Monday, September 19, 2016

A.D./B.C. or C.E./B.C.E.?

It is becoming increasingly common to find dates that have for centuries been described as, for example, "A.D. 1776" or "44 B.C." are now being described as "1776 C.E." or "44 B.C.E.".  Does this new usage demonstrate a greater sensitivity and a more careful, academic approach?

No.  To be perfectly blunt, it is neither more nor less than an anti-Christian bias self-righteously masquerading as intellectualism. 

That is a serious charge, but the facts back it up.  Advocates of the new terminology say that the older terminology is offensive to those who do not accept Christianity.  However,
  1. These same people make no attempt to rename the months of the year, many of which are named after Greco-Roman gods.  How is it that Christianity gives toxic offense, but not Greco-Roman paganism?
  2. The same is true of days of the week:  in English, they are named after Germanic gods.  Again, the people who find Christ offensive seem to think Thor and Wotan are perfectly acceptable. 
  3. Pay close attention to how foreign words and names are pronounced by the "C.E." crowd.  You will find that they go to great lengths to give the native pronunciations, or at least what they think are the native pronunciations.  They often over-correct for Anglicization, but they want it to be obvious that they are so solicitous for cultural sensitivity towards speakers of Arabic, or Hindi, or Japanese, or Mandarin Chinese.  They would not dream of behaving like a European colonialist and appropriating someone else's cultural artifact and then obscuring its origins.  With a few exceptions, that is -- because that is exactly what they are doing when they take the A.D./B.C. calendar system, which is a cultural artifact of Christianity, then try to obscure its Christian origins.  This inconsistency is part of what makes this not merely anti-Christian, but also pseudo-intellectual.
  4. The other thing that makes it only pseudo-intellectual is the contrast with the metric system that is used in all modern science.
    • For one thing, when the French Revolutionaries decided that every vestige of the French monarchy was offensive, they did not simply rename the toise the metre, rename the pinte the litre, and rename the denier scruple the gram.  They developed a completely new system that was intended to be both practical and as nearly universal as possible.  So, for example, the meter was defined to be one ten-millionth of the distance between the north pole and the equator, the liter was defined to be one thousandth of a cubic meter, and the gram was defined to be one thousandth of the mass of a liter of water.  Because these units do not show favoritism or hostility to any people or culture, they have been universally adopted in the sciences.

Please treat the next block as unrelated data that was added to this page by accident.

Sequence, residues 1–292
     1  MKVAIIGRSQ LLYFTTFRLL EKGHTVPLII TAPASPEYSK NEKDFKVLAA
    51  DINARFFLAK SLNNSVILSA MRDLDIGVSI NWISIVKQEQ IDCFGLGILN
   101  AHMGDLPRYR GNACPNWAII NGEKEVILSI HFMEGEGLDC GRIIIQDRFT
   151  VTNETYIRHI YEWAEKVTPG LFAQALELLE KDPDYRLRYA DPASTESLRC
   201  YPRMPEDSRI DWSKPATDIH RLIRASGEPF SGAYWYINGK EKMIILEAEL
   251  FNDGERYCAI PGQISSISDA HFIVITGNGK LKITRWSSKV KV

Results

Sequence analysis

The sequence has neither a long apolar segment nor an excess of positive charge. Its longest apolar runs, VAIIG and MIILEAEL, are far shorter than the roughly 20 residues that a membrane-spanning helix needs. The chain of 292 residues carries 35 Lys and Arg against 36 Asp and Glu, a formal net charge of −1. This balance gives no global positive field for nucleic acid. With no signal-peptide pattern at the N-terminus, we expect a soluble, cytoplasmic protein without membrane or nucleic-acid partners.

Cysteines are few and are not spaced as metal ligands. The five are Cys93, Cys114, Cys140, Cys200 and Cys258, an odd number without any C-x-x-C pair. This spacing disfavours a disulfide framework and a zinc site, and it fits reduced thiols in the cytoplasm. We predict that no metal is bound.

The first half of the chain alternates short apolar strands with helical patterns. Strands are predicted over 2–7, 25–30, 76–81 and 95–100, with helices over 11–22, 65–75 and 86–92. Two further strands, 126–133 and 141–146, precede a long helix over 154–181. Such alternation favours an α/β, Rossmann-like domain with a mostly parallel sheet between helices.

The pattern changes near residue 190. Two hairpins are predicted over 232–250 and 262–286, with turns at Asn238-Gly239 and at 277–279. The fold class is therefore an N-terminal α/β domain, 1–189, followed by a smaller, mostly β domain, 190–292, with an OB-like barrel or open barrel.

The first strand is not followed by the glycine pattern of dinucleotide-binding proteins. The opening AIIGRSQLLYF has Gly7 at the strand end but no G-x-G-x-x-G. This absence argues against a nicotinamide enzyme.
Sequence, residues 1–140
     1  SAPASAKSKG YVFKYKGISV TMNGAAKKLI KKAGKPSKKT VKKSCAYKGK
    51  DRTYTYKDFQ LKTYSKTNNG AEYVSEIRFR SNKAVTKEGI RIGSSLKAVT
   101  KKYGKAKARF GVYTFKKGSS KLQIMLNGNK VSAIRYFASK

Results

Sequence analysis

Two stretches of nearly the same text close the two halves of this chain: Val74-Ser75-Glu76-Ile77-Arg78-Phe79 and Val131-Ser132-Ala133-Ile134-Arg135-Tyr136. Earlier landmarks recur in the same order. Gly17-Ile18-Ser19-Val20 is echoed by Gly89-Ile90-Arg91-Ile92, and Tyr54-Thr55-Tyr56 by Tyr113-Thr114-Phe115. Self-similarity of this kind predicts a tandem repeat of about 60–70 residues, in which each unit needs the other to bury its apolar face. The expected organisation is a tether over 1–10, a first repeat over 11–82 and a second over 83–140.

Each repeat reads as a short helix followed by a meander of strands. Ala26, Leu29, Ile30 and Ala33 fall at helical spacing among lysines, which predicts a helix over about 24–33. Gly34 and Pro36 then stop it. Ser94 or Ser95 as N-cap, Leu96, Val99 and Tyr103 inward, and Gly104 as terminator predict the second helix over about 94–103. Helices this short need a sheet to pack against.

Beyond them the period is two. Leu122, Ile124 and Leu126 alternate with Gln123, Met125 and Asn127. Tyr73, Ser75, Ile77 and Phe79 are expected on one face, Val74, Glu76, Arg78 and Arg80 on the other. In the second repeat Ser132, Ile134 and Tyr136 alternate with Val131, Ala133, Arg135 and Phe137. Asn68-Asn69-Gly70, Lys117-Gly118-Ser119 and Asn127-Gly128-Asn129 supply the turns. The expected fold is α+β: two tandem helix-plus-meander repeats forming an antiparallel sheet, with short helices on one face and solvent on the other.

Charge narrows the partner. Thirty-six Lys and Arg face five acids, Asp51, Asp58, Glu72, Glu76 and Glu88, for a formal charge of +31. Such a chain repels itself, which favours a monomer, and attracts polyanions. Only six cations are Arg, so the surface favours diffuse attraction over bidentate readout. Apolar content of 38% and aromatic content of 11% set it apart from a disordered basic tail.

• As more and more precise measurements have become necessary, the metric units has been slightly altered so that they are defined in terms of experiments that yield consistent values at higher precision.  For example, the second is now defined not by the rotation of the earth, but from the frequency of light emitted by a particular transition in cesium atoms, resulting in more precise and accurate measurement of time.

Deodar section

At least the last two points can be fixed.  If it is decided to move away from the A.D./B.C. system for academic work, my suggestion would be to set year zero to A.D. 775, when intense solar storms left a distinctive mark in carbon-14 dating.  It has been suggested that this event could be used to calibrate tree ring dates from around the world, leading to much more precise dating of events in the ancient world.  This also has the advantage of corresponding to a world-wide physical event, so it is independent of culture and religion.  Also, for simplicity of calculations the years before A.D. 775 should be given negative numbers.  If this system were named the way SI (metric) units are named, it might be named after Andrew E. Douglass, the "father of dendrochronology".